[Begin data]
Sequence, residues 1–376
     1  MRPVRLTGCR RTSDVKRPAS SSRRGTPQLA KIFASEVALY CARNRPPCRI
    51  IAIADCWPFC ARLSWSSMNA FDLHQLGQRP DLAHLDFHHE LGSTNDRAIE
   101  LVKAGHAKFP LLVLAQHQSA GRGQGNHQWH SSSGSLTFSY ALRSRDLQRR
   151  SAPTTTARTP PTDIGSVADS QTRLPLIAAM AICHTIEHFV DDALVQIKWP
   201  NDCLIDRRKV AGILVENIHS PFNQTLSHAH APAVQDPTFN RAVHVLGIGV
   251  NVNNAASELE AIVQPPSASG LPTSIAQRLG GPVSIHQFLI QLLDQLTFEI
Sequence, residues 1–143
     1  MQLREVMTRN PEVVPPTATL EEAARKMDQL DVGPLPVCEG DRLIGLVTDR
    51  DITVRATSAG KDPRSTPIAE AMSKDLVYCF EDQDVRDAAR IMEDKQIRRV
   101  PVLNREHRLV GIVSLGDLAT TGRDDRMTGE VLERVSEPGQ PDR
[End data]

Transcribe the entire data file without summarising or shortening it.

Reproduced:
Sequence, residues 1–376
     1  MRPVRLTGCR RTSDVKRPAS SSRRGTPQLA KIFASEVALY CARNRPPCRI
    51  IAIADCWPFC ARLSWSSMNA FDLHQLGQRP DLAHLDFHHE LGSTNDRAIE
   101  LVKAGHAKFP LLVLAQHQSA GRGQGNHQWH SSSGSLTFSY ALRSRDLQRR
   151  SAPTTTARTP PTDIGSVADS QTRLPLIAAM AICHTIEHFV DDALVQIKWP
   201  NDCLIDRRKV AGILVENIHS PFNQTLSHAH APAVQDPTFN RAVHVLGIGV
   251  NVNNAASELE AIVQPPSASG LPTSIAQRLG GPVSIHQFLI QLLDQLTFEI
Sequence, residues 1–143
     1  MQLREVMTRN PEVVPPTATL EEAARKMDQL DVGPLPVCEG DRLIGLVTDR
    51  DITVRATSAG KDPRSTPIAE AMSKDLVYCF EDQDVRDAAR IMEDKQIRRV
   101  PVLNREHRLV GIVSLGDLAT TGRDDRMTGE VLERVSEPGQ PDR